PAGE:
CLASSICAL music star Nicola Benedetti has agreed to perform at Creative Scotland’s controversial awards ceremony in Glasgow this week.
The virtuoso violinist, below, is expected to be the most high-profile artist to appear at the event, which was criticised because of the £30,000 being spent on it by the quango, and the fact its shortlist was drawn up by an all-male prize jury.
Comedian Fred MacAulay and “Gaelic supergroup” Manran will also be performing at the black-tie event at Kelvingrove Art Gallery and Museum in Glasgow on Thursday night.
Culture secretary Fiona Hyslop is expected to attend the ceremony, which is part of the government-backed Year of Creative Scotland.
However, two of Creative Scotland’s harshest critics – playwright David Greig and author Janice Galloway – have revealed they will not be there, despite being nominated for awards.
It will be held be less than a fortnight after it emerged chief executive Andrew Dixon had resigned following months of criticism of the agency.
On Friday, Creative Scotland’s board revealed plans for a dramatic overhaul of the agency and admitted a string of failings.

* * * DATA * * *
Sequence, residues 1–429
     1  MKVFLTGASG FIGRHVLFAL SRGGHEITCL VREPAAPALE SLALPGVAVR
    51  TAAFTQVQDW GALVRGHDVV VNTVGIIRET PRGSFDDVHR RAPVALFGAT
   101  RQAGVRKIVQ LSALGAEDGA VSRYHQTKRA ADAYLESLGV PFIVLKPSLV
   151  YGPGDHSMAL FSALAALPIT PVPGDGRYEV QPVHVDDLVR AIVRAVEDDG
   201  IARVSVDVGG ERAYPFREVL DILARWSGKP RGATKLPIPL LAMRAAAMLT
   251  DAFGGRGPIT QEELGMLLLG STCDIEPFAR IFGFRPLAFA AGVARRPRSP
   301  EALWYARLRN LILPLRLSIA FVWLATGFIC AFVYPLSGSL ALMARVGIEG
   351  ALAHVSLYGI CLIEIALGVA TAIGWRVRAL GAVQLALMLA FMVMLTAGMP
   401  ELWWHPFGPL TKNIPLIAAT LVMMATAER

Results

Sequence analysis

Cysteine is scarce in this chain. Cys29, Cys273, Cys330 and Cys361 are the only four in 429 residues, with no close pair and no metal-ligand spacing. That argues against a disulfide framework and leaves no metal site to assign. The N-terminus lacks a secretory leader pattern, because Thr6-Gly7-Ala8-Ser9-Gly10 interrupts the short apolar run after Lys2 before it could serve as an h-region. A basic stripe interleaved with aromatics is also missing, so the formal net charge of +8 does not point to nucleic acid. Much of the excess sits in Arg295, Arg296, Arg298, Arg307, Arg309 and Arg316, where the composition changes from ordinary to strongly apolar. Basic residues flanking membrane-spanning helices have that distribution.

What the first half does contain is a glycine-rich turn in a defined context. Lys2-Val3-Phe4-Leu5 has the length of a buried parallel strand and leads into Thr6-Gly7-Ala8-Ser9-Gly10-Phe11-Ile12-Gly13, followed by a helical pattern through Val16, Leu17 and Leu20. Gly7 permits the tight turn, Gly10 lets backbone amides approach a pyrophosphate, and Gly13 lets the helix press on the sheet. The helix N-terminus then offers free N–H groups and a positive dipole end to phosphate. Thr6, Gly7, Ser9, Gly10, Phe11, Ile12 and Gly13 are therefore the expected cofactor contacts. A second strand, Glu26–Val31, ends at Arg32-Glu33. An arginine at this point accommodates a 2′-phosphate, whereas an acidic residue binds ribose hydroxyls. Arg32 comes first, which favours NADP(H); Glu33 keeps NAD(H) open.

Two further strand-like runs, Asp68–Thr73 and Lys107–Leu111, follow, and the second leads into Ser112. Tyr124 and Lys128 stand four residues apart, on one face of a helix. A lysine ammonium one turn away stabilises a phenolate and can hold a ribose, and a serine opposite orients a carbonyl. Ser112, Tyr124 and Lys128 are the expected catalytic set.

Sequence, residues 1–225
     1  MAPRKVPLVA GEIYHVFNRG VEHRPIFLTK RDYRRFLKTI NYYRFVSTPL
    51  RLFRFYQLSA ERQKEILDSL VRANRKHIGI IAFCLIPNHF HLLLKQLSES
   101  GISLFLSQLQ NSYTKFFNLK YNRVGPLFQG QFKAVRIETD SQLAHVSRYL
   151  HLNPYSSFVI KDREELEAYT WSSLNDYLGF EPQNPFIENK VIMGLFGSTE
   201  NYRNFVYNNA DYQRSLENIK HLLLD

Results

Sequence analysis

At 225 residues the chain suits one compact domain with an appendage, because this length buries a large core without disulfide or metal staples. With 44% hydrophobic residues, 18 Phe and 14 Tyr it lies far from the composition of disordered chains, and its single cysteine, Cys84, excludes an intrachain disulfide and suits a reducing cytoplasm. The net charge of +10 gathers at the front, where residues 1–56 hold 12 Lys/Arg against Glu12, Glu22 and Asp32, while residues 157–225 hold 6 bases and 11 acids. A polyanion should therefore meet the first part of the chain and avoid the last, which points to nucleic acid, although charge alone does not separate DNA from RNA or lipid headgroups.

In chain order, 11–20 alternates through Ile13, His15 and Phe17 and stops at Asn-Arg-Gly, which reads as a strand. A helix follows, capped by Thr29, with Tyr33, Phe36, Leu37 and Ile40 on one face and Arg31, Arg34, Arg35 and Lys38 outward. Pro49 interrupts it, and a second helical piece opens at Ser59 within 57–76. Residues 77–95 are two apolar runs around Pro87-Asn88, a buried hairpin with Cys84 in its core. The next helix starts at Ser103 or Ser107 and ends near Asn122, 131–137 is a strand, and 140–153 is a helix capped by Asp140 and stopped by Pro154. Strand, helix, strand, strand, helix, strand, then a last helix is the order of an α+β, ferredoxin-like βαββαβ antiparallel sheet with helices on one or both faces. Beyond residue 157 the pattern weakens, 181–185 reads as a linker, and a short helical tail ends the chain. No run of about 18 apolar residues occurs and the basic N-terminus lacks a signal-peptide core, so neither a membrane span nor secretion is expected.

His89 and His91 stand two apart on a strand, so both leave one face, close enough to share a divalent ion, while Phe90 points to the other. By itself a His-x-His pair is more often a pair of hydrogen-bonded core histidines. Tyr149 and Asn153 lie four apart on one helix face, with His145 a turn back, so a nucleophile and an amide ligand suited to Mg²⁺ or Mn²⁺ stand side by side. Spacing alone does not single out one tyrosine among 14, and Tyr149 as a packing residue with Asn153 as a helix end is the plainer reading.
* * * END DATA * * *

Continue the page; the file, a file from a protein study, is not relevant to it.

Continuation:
Long-term funding schemes are to be revived, controversial strategic commissioning schemes are being dropped, a review of senior management structure is to be carried out and artists will be more involved in the drawing up of policies.
David Greig has helped secure two nominations, for his involvement with multi-art form project Whatever Gets You Through The Night, which is in the running for the theatre award for the Arches, and his play The Strange Undoing of Prudencia Hart, which has helped win the National Theatre of Scotland a nomination in the “arts ambassador” category.
Janice Galloway is in the running for the literature award after a year which has already seen her win the Scottish Book of the Year award for All Made Up, although she was involved in a spat with Creative Scotland after being asked to change comments on an announcement that she had won.
She said: “I’m going to be in Berlin on Thursday, doing a bit of work but also taking in the Christmas markets. I don’t think I’d have gone even I had been here, as the last awards experience I had was so nightmarish. I think I’d rather let water pass under the bridge.”
Mr Greig, who has praised last week’s announcement from the Creative Scotland board, added: “I made a decision a few weeks ago not to go and I think it would be a bit hypocritical to go now.
“However I do feel people who are nominated are entitled to feel proud and I would not like to cast ill will towards anyone who goes along.”
Among the high-profile nominees are Celtic Connections’ artistic director Donald Shaw, writer Ewan Morrison, indie favourites Frightened Rabbit and Admiral Fallow, composer Patrick Doyle, singer-songwriter Rachel Sermanni and actor Paul Brannigan, star of The Angels’ Share.